Applicable Mathematics/Systems of Equations

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A good deal of real world problems can be represented by various equations. Often, we will have more than one equation for a given problem.

Substitution[edit]

Substitution uses letters, such as x, y, or z, as representations of unknown values. These letters are used in both equations and expressions as tools to solve many different types of problems. In some cases, the value of the letter is known. If so, by using the substitution method, a numerical value replaces the letter given. Then, after the letter is replaced by a number, the expression or equation is simplified.

Introductory Examples[edit]

People & Feet[edit]

In a room of people we know there are twice as many feet as people, and we can represent this with the equation f = 2p, where f represents the number of feet, and p represents the number of people. Knowing there are 20 people, then we can make another equation p = 20. Listing out the two equations we have:

f = 2p
p = 20

Substituting for p, we get the equation

f = 2 \times 20
= 40

So we know there are 40 feet.

Houses & Floorspace[edit]

Other situations can get more complex though. Suppose that your neighbor's house is 1.5 times as large as yours, but if you don't count your neighbor's 50 square unit basement, they are the same size. How many square units are the respective houses? Let y be the area of your entire floor, and n the area of your neighbor's floor. The problem can represented by the two equations.

n =1.5y
y =n-50

Here, you have two equations as before, but this time they both have two variables, while in the last example, one equation had one variable and the other had two. However, you can still use substitution though you just have to substitute with the equation's expression instead of a constant. Now we substitute n in the second equation for the right-hand side of the first equation:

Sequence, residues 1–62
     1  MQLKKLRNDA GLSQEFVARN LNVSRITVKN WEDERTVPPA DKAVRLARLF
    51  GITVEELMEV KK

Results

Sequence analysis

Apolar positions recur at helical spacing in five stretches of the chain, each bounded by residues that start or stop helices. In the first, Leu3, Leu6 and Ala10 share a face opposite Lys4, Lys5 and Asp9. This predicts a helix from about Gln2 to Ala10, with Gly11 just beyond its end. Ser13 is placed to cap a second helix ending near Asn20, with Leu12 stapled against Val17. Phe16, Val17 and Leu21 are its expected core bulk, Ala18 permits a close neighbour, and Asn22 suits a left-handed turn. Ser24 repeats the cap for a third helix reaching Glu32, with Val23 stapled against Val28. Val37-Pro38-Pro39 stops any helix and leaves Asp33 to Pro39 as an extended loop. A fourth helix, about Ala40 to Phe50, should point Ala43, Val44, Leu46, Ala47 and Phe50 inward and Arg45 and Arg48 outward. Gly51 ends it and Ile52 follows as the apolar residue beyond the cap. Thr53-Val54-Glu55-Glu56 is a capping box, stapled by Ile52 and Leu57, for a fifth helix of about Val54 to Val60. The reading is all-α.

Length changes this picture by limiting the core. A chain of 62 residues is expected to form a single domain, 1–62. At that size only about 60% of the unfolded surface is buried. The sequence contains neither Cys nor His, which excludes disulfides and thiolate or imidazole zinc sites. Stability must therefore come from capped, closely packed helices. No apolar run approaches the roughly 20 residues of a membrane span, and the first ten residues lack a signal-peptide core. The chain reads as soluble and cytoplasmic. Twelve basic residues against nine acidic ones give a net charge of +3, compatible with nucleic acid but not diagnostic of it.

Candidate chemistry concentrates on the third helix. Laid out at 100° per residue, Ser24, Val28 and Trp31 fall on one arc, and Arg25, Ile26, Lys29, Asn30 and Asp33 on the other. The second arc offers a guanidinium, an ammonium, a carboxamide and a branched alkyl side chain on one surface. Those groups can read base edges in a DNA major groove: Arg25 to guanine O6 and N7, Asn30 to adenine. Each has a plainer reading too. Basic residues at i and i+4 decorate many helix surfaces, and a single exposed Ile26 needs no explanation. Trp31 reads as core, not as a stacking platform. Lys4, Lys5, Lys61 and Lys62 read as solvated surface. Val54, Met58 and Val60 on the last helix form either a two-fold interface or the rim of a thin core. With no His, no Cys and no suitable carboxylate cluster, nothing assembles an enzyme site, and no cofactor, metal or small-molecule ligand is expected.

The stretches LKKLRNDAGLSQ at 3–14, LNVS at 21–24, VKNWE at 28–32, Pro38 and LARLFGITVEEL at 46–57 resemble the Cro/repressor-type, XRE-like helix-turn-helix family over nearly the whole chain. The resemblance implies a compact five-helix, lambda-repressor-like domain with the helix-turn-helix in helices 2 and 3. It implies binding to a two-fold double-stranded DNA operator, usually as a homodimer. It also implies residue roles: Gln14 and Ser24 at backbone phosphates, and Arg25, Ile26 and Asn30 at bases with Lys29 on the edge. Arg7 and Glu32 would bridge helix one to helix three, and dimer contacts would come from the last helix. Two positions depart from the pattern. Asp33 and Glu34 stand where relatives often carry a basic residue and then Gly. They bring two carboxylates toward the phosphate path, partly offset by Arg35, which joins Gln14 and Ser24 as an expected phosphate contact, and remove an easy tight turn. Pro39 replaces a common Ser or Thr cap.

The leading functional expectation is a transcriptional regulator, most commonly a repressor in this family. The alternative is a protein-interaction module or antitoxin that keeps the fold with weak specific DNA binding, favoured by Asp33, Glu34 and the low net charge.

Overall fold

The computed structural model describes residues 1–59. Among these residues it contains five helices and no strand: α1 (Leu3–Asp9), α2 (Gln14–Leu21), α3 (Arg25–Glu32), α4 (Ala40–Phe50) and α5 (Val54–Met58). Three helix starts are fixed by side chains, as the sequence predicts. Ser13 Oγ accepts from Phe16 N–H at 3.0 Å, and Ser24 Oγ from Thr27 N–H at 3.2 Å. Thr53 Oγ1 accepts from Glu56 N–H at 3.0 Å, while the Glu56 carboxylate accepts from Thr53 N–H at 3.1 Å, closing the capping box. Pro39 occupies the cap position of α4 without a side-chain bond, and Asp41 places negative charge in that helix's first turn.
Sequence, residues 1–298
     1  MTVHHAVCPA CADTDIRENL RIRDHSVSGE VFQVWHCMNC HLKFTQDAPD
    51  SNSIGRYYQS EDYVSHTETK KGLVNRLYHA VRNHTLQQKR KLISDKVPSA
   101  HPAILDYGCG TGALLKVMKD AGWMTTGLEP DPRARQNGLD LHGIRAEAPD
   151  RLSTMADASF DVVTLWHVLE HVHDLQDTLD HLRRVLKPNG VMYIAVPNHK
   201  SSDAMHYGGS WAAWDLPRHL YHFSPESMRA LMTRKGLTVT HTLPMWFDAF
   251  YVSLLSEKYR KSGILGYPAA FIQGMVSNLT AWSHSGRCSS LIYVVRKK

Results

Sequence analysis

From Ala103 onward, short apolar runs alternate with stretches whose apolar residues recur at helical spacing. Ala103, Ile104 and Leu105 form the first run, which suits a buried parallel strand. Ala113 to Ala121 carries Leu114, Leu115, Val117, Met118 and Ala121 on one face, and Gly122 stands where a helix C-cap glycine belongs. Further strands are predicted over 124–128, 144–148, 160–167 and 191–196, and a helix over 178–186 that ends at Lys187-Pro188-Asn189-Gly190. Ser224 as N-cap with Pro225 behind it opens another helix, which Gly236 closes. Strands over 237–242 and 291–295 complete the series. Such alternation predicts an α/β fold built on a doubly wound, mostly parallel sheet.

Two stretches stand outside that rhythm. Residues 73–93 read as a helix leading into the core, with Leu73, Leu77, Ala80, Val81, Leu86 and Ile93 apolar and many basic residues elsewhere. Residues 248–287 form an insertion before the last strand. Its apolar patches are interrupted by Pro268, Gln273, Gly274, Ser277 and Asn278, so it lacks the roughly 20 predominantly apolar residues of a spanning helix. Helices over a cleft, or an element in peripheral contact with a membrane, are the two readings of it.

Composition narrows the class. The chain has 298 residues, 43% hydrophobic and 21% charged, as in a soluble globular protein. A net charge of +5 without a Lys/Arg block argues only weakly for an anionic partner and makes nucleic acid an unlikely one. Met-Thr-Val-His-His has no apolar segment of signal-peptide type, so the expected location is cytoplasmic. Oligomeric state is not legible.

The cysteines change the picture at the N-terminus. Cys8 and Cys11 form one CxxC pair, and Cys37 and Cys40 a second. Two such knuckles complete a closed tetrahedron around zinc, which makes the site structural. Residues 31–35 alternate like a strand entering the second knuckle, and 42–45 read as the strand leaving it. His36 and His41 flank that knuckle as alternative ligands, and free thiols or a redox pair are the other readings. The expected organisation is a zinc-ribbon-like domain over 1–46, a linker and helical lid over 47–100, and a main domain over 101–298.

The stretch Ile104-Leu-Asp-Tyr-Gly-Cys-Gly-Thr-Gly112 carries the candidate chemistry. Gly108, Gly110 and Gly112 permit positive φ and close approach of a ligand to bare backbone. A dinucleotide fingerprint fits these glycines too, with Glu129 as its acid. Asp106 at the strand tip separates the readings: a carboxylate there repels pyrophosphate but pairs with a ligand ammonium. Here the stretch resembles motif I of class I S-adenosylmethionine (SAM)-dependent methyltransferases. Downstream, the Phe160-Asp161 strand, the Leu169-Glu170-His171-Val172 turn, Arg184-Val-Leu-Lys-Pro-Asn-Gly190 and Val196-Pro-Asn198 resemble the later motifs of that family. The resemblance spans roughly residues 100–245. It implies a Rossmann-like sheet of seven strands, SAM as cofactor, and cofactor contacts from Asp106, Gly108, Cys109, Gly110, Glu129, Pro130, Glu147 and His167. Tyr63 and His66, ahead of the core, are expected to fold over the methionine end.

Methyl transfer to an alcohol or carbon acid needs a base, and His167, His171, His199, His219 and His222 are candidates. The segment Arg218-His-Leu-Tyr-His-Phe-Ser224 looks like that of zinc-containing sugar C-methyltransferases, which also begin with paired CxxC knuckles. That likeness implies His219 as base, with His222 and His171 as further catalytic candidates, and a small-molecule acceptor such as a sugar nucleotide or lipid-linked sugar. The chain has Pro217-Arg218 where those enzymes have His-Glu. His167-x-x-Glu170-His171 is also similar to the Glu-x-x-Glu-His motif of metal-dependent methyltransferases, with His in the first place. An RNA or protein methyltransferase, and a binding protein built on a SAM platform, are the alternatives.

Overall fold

1.5y - 50 = y Subtract y from both sides
0.5y - 50 = 0 Add 50 to both sides
0.5y = 50 Multiply both sides by 2
y = 100

Now we can substitute the area of your floor into the first equation to get the area of your neighbours floor:

n = 1.5 \times 100
=150

Systems of Linear Equations[edit]

Above we covered two real world examples (albeit simplified) that systems of equations are useful for solving. Equations composed of two or more linear functions are called Linear equations. Sets of these linear equations are called System of linear equations. Simply put, linear equations can only be solved if the number of Variables is equal to or less than the number of equations provided. The most common way of solving systems of equations is to use substitution, as shown above. However, we can represent the equations using matrices, allowing us to see patterns easier and perform operations more easily. Lets start with a set of 3 equations:

x + 2y + 3z = 12
2x + 3y + z = 17
3x + y + 2z = 19

The matrix on the left represents the coefficients of the variables, and is called a coefficient matrix. On the right the right-hand side of the equation is included in the matrix, giving us what is called an augmented matrix.

\begin{bmatrix} 1 & 2 & 3 \\ 2 & 3 & 1 \\ 3 & 1 & 2\end{bmatrix}\begin{bmatrix} 1 & 2 & 3 & \vdots & 12 \\ 2 & 3 & 1 & \vdots & 17 \\ 3 & 1 & 2 & \vdots & 19 \end{bmatrix}

Solving the above equation would look like the table on the left below normally, whereas the matrix solution would look like the table on the right.

e_1      x + 2y + 3z = 12
e_2      2x + 3y + 1z = 17
e_3      3x + y + 2z = 19
e_2-2e_1      - y - 5z = -7
e_3-3e_1      - 5y - 7z = -17
e_5-5e_4      18z = 18
e_6 \over 18      z = 1
e_4      -y - 5(1) = -7
5 - e_4      y = 2
e_1      x + 2(2) + 3(1) = 12
e_2 - 7      x = 5
\begin{bmatrix} 1 & 2 & 3 & \vdots & 12 \\ 2 & 3 & 1 & \vdots & 17 \\ 3 & 1 & 2 & \vdots & 19 \end{bmatrix} r_2-2r_1 \Rightarrow r_1
\begin{bmatrix} 1 & 2 & 3 & \vdots & 12 \\ 0 & -1 & -5 & \vdots & -7 \\ 3 & 1 & 2 & \vdots & 19 \end{bmatrix} r_3-3r_1 \Rightarrow r_3
\begin{bmatrix} 1 & 2 & 3 & \vdots & 12 \\ 0 & -1 & -5 & \vdots & -7 \\ 0 & -5 & -7 & \vdots & -17 \end{bmatrix} r_3-5r_2 \Rightarrow r_3
\begin{bmatrix} 1 & 2 & 3 & \vdots & 12 \\ 0 & -1 & -5 & \vdots & -7 \\ 0 & 0 & 18 & \vdots & 18 \end{bmatrix} to be continued